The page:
Dogfooding or Eating your own dogfood is a concept in software development that says that companies should use their own software. This approach is meant to help developers experience what their customers will.The hope is that this will find bugs quicker and improve usability. It can reveal problems that only become obvious if you use something day to day.

Libraries care about our patron experience. We want all our services to be easy to find and use. We want things to be very convenient for patrons, and we want to know if things don’t work well. Unfortunately, it is often the case that patron’s don’t tell staff about problems, or if they do tell someone, that person doesn’t pass on the information. Libraries also normally do not have the budget for UX experts and design consultants or any training in UX so we are making it up as we go when we add new services. Overall, most libraries do a great job, but we always want to do better.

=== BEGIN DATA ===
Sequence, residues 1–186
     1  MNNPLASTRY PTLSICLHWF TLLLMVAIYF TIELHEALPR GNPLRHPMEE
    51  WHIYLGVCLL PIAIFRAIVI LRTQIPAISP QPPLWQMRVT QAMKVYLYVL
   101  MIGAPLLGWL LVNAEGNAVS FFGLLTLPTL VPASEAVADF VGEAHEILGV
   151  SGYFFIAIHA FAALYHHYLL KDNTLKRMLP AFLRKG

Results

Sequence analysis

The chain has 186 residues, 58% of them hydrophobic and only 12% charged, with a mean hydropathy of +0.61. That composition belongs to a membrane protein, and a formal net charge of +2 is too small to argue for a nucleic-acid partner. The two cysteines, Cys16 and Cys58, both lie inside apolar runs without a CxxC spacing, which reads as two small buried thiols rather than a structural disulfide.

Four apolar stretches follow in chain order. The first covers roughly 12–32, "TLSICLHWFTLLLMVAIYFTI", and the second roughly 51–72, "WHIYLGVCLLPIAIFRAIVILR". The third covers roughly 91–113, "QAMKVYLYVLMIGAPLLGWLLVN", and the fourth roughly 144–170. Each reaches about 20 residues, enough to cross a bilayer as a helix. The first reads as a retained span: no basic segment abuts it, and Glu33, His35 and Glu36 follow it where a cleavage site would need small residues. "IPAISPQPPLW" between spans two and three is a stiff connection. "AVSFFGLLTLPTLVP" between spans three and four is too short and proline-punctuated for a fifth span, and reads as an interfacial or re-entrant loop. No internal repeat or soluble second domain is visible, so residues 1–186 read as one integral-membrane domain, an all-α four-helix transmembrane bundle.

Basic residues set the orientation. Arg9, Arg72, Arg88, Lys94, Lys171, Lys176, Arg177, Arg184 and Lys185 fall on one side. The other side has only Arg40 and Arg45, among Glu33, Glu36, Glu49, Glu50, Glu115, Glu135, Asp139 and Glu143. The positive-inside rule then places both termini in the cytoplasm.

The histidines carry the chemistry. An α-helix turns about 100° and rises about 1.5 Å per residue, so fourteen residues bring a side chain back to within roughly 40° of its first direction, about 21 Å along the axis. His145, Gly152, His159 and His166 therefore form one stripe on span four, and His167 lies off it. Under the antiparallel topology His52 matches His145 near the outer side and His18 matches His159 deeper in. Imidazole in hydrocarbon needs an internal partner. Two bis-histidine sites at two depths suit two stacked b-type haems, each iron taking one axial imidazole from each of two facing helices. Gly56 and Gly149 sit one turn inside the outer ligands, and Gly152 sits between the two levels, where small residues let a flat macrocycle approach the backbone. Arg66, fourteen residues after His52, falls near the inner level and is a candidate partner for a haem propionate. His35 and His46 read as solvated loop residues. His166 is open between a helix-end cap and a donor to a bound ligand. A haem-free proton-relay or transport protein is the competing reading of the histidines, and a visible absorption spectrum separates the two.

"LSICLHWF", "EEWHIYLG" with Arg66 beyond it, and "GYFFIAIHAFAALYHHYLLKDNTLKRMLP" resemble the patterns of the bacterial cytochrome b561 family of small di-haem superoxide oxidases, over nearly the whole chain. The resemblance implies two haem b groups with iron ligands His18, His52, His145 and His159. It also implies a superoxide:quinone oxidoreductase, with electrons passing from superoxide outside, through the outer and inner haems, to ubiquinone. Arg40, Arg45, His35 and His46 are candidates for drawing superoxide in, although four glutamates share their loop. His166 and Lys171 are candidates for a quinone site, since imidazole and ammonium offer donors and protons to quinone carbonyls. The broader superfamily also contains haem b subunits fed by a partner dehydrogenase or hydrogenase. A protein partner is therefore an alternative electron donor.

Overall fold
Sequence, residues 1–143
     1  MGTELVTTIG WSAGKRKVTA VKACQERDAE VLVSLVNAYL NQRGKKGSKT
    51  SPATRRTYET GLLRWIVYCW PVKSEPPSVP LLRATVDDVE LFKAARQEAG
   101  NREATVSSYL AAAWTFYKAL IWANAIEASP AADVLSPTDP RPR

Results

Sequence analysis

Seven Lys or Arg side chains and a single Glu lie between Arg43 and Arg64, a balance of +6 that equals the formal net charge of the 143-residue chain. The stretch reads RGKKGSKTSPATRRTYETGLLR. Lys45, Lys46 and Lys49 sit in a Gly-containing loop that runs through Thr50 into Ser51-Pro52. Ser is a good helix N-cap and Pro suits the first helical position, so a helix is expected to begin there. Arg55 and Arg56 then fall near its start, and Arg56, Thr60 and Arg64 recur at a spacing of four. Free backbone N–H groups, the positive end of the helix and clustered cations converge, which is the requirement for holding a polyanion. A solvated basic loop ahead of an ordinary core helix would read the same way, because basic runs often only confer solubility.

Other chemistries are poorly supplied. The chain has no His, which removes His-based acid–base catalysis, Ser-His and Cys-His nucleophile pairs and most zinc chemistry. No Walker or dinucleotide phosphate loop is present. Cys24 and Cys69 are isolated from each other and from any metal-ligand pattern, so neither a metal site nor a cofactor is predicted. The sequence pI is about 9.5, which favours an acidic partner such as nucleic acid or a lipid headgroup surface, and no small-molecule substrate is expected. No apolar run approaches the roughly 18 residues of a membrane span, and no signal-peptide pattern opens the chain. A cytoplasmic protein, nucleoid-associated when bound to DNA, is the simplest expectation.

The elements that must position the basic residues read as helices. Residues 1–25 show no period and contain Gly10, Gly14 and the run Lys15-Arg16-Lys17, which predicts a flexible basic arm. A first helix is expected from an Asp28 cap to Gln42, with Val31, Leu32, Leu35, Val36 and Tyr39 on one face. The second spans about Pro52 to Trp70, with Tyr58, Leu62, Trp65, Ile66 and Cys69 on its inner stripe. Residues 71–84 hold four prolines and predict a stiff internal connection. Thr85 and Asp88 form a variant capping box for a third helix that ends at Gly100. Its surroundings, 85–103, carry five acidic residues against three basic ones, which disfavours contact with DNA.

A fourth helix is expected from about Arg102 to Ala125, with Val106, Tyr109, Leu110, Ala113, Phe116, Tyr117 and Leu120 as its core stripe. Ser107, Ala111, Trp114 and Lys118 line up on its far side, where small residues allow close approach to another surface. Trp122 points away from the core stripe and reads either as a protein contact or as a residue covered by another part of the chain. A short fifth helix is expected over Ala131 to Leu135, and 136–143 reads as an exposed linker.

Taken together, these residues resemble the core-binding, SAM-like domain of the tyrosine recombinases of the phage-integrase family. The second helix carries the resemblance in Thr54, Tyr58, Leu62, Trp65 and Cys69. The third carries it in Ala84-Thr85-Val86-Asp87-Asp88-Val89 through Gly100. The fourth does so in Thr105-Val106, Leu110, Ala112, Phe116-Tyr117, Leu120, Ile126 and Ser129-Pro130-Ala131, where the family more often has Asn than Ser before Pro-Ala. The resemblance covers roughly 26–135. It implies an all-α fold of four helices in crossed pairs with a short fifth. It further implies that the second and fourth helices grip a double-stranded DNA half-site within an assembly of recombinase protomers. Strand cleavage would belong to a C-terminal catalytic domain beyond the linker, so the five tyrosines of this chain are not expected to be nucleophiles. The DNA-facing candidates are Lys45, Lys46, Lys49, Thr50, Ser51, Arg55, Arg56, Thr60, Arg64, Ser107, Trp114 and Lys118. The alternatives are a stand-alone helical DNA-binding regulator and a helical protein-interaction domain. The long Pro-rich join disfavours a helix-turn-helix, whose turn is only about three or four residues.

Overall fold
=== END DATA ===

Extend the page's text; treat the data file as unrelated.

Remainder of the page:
Taking the concept of dogfooding and applying it to libraries means using the patron side of things. Need to look up a book, use the opac instead of your circulation computer. Need to check out a book? Use the self checkout, or wait in line at the circ desk. Sit in the patron’s chairs, use the public access computers and the public wifi. By using things as a patron we gain insight into what works and what doesn’t. We experience what our patrons do so problems become more visible. We don’t need to wait on someone to tell us our chairs are uncomfortable. We will gain a seat of the pants knowledge of how comfortable our chairs are.

I think this is a healthy exercise for library staff. If something isn’t working, we can fix it. If something is inconvenient, we can find a better way to set it up. At worst, you can sympathize with a patron who complains, and at best you can explain how there is already a plan to fix the problem. In the end, we all care about the patron experience. This is a simple way to help improve that experience.